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Handling GCSE results day: A guide for students, parents and teachers



GCSE results day is a significant milestone in every student's educational journey. It's a day filled with excitement, nerves, and anticipation as students, parents, and teachers eagerly await the outcome of years of hard work and dedication. To be ready for tomorrow, it's essential to be prepared emotionally and practically. In this guide, we will offer valuable advice for students, parents, and teachers to navigate GCSE results day with confidence and positivity.


For students:


Stay calm and positive:

As the day draws in, it's natural to feel a mix of emotions. Remember that your worth is not solely determined by your grades. Stay positive and remind yourself that you've put in your best effort. There may be feelings of anxiety, which is a healthy and natural response in a high-pressure environment. Remember to take some deep breaths, and remember you have done the best you can.


Support system:

Reach out to friends, family, or your teachers who can provide emotional support before picking up your results, and after. Share your feelings with them and remember that they are there to celebrate your achievements, no matter the outcome. You might feel stressed tonight in the lead up to results, so make sure you are talking to your support system about your feelings. They are there to help.


Consider next steps:

Regardless of the results, have a rough idea of what your next steps might be. Whether it's continuing to A-levels, vocational courses, or apprenticeships, having a plan can ease post-results uncertainty and any anxiety you may have.


Appeals and advice:

If you're disappointed with your results, remember that there are options. You can discuss your options with teachers tomorrow, who can provide guidance on re-sits or appeals if necessary.



For parents:


Be supportive:

On results day, your child might be experiencing a whirlwind of emotions. Offer a listening ear and a comforting presence, regardless of the outcome. Remember they have spent years studying for these exams and they will most likely be anxious and nervous.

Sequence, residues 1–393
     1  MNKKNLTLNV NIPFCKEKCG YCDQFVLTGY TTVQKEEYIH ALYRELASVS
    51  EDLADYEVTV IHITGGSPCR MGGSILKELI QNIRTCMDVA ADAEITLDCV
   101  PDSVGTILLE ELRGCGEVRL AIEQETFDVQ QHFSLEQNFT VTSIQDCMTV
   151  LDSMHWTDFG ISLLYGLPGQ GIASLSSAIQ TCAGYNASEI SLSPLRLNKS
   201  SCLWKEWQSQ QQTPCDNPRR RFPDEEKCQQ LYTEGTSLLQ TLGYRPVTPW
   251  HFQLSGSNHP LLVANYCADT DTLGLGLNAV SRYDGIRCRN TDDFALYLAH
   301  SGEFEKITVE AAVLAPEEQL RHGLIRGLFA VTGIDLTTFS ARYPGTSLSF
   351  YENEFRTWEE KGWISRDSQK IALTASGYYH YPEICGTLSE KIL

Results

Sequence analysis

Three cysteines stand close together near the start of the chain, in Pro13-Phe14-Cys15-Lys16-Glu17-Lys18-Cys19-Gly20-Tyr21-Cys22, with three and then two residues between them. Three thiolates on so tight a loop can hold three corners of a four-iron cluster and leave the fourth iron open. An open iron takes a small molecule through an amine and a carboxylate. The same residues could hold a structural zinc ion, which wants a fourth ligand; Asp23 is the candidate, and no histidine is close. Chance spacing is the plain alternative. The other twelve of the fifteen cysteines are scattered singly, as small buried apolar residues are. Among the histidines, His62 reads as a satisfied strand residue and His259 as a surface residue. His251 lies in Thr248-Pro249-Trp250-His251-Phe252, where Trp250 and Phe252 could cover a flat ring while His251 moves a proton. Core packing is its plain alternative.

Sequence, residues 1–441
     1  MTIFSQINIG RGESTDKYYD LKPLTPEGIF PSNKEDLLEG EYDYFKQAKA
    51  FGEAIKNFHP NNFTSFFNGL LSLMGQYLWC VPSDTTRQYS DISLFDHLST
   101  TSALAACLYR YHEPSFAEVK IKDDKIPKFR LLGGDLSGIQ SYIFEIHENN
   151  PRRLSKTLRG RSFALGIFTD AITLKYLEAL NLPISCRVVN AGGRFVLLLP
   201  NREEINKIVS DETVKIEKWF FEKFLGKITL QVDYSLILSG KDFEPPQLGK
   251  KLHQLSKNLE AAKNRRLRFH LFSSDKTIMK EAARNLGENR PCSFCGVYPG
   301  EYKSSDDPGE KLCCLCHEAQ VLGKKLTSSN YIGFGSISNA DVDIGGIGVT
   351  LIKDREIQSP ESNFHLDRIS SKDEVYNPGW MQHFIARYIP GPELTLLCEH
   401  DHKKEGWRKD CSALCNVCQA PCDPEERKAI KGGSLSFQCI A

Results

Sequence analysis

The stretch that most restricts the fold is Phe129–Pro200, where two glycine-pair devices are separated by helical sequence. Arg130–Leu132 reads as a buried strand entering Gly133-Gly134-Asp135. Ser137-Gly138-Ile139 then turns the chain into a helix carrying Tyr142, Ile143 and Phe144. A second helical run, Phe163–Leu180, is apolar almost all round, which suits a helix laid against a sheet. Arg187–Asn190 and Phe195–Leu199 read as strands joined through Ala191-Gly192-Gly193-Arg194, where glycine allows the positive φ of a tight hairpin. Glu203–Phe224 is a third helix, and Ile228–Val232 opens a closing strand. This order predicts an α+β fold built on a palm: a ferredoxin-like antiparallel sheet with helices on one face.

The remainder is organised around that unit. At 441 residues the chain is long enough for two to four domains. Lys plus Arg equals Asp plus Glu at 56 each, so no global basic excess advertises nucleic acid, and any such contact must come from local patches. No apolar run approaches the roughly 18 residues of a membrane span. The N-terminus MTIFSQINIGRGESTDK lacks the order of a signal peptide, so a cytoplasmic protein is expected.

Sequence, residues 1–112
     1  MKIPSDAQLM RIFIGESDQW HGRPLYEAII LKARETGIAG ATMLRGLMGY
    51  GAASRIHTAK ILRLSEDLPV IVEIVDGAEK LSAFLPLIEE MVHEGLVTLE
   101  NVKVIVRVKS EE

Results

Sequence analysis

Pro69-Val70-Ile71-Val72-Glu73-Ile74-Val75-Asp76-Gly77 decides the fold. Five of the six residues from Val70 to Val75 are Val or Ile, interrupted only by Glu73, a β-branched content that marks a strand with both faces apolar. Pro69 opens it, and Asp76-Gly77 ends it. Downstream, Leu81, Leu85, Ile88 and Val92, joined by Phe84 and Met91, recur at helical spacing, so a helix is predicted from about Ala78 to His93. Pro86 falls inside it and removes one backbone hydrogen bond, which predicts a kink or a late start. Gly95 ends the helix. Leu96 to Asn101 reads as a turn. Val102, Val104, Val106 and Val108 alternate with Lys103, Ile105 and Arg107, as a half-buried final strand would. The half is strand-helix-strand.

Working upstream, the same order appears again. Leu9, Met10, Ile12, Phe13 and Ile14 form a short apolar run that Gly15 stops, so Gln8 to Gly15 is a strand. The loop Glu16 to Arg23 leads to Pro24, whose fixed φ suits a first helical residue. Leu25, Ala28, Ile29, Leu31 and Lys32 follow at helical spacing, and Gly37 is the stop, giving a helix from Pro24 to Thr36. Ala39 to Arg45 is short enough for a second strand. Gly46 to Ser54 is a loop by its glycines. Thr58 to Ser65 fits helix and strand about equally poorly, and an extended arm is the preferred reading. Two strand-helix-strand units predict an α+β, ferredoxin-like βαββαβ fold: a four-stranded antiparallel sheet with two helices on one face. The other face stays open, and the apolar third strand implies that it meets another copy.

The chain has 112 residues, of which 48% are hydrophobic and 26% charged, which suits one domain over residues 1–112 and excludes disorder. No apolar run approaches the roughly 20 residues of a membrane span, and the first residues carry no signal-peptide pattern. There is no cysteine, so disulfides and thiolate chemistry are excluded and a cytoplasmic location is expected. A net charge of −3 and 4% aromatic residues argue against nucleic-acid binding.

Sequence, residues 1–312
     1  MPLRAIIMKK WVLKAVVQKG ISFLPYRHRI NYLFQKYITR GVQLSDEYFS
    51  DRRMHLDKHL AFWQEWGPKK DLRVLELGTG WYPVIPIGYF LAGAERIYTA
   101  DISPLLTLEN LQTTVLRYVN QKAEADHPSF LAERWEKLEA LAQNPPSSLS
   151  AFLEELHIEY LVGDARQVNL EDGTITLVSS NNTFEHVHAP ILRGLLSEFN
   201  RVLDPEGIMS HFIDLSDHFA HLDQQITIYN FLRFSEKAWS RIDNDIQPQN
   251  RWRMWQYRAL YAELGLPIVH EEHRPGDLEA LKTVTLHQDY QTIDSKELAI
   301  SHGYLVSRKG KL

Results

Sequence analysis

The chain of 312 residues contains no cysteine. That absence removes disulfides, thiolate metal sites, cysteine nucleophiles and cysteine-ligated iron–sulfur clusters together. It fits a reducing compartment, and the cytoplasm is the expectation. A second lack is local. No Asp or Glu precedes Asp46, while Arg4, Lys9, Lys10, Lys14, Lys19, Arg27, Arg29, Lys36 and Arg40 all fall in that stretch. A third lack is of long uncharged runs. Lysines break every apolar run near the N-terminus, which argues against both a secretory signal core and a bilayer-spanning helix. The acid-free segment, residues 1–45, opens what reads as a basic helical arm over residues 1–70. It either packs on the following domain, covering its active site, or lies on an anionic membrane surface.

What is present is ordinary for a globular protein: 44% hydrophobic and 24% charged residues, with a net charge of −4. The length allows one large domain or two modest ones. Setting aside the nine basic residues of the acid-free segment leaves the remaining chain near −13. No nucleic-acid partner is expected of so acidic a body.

Manage expectations:

Every student's journey is unique. Encourage your child that you know they tried their best, but also emphasise that their worth is not solely tied to their grades. Some of the most successful business people didn’t get good grades. Grades do not determine success in life.


Explore options:

If the results are not as expected, research alternative pathways such as vocational courses, apprenticeships, or re-sits. Discuss these options with your child and help them make informed decisions. A-levels don’t suit everyone, and it’s okay for you to guide your child into making the right decision for themselves.


Celebrate the day:

Whether the results are outstanding or not, acknowledge the hard work and effort your child put in during their GCSE studies. Celebrate their dedication. Treat them to a meal out after, or an activity. They might want to celebrate with their friends. Celebrate with them how they wish to.


For teachers:


Be prepared and supportive:

On results day, be available to offer support to your students. Have information ready about post-results services, re-sits, and any available guidance. For students disappointed with their results, offer advice on potential next steps. Discuss their options and help them see the possibilities beyond their current situation.


Celebrate achievements:

Congratulate your students on their successes. Share in their joy and highlight the progress they've made throughout their studies. These results have been a long time coming, and they will appreciate you congratulating them as you were part of their journey.


Emotional support:

Some students might be struggling with their emotions on results day. Be understanding and provide a safe space for them to express their feelings. For students that may be anxious, remind them that this feeling won’t last. If you can see a distressed and upset student, check on whether they need a quiet space.


Remember that GCSEs are just one part of a larger educational journey, and there are numerous pathways to success. Support, understanding, and planning are key to making the most out of this important day. We wish everyone the best of luck.


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